Our columnist and deck expert, Bob Heidenreich recently wrapped up a three-part series of columns on the art of composing a deck estimate. See Part 1, Part 2 and Part 3. As a supplement to our online readers, we’re including the following estimate and delivery tips here.
Number of joists
For someone new to the estimating world, we use a formula to calculate the number of joists in a deck. Let’s say that your deck is 20’ wide by 14’ feet out. I take my 20’ and multiply it by 0.75 and add one. That’s how many joists I’ll need for my deck.
How many deck boards?
For deck boards, let’s say you’re going to do a complicated deck with an octagon shape or something that will require all different kinds of deck boards. One way to do it is to take all your square footage and remember to round up to the nearest available product. If it’s 13’x13’, you might want to order 14s, because no one makes 13’ deck boards. Remember to calculate square footage, and then multiply that by 2.3 that’s the number needed to convert square footage into linear footage. Be sure to know your product. Some brands are slightly smaller and you’ll need a couple extra boards. The multiple of 2.3 works for a standard 5.5” wide board.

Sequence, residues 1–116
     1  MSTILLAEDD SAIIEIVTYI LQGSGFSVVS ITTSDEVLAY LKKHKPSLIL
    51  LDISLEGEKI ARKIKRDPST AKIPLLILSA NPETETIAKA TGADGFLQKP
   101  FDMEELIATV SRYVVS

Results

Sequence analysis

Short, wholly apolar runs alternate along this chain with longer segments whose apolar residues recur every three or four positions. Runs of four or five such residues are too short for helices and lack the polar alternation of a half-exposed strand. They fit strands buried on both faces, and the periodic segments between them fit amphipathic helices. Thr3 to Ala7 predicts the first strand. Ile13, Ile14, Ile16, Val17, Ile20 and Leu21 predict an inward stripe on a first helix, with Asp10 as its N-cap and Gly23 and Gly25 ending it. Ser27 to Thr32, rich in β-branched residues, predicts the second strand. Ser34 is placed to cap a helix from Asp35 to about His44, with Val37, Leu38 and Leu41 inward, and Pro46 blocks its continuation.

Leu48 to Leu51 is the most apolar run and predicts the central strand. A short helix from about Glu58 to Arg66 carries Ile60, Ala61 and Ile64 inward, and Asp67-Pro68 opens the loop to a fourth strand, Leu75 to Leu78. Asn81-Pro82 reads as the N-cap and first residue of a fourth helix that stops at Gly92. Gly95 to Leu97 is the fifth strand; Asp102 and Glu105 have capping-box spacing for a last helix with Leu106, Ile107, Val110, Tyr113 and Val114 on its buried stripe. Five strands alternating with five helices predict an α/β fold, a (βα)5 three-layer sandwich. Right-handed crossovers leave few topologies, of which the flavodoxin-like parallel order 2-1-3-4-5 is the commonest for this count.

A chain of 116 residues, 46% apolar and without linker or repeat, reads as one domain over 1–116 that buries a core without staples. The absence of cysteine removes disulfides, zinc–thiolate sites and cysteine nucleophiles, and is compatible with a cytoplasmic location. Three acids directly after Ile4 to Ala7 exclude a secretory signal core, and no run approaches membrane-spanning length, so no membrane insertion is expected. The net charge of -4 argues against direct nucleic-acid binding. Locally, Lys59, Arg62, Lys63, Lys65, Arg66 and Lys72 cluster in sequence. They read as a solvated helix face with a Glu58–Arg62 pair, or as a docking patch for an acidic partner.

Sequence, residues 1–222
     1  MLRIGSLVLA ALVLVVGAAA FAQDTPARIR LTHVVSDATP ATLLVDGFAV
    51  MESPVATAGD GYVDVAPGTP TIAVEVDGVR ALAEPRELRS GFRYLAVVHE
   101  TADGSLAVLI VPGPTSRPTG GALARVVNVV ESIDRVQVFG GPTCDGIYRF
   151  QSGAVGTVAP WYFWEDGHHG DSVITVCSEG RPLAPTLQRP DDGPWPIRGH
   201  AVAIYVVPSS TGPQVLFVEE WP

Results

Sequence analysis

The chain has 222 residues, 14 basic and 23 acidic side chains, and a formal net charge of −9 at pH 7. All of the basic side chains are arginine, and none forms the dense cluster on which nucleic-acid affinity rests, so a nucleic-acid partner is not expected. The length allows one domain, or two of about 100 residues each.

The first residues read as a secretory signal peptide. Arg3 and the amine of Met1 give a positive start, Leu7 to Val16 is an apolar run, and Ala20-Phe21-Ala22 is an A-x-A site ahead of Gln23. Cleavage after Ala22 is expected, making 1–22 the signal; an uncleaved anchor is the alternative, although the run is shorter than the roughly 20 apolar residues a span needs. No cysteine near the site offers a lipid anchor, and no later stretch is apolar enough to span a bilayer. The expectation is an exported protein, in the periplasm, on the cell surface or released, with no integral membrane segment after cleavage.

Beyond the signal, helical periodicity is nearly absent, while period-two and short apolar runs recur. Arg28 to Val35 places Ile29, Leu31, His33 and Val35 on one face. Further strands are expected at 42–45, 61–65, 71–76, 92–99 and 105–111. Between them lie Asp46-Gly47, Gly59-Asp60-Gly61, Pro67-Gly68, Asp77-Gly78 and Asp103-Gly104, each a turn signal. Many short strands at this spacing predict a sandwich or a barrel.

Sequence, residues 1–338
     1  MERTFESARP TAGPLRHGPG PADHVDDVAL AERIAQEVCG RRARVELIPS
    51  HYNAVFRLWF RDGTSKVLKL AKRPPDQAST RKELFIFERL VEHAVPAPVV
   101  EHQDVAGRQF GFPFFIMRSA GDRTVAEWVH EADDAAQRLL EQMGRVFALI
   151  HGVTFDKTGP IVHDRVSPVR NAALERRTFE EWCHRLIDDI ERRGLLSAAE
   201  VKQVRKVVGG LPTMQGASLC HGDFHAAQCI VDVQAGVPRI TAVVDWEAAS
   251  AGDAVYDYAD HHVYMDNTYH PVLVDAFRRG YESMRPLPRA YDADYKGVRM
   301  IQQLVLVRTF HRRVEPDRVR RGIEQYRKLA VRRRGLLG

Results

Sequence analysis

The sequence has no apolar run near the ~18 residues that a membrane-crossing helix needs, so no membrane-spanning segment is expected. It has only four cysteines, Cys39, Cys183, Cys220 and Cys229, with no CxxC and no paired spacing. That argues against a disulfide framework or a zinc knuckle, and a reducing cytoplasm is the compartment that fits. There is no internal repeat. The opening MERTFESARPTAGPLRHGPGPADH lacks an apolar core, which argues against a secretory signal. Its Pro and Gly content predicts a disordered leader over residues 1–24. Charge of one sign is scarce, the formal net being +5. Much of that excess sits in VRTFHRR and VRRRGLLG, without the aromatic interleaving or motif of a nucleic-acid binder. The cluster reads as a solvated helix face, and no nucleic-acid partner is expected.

How many screws?
To calculate the number of screws needed: Take lineal footage, and multiply by 5. If a 10’x10’ deck = 100 square feet, it would take 230 lineal feet to cover. Multiply that by five and you’ll come up with about 1,050 screws that you’ll need to screw that deck down, or two boxes of screws to install.
At my store, we charge for deliveries. Often times you will find that if you give a customer free delivery, then they will expect free pickup. There’s nothing wrong with charging for deliveries. Just make sure that your policies are clear and that the customer has signed an agreement prior to doing the estimate. Deck materials can be a big expense for most people. A deck can cost as much as a new car. To protect yourself from being responsible for these materials when they’re delivered, I advise to take a digital picture or make sure customers re-count at the time of delivery. Make sure customers know how the materials need to be stored.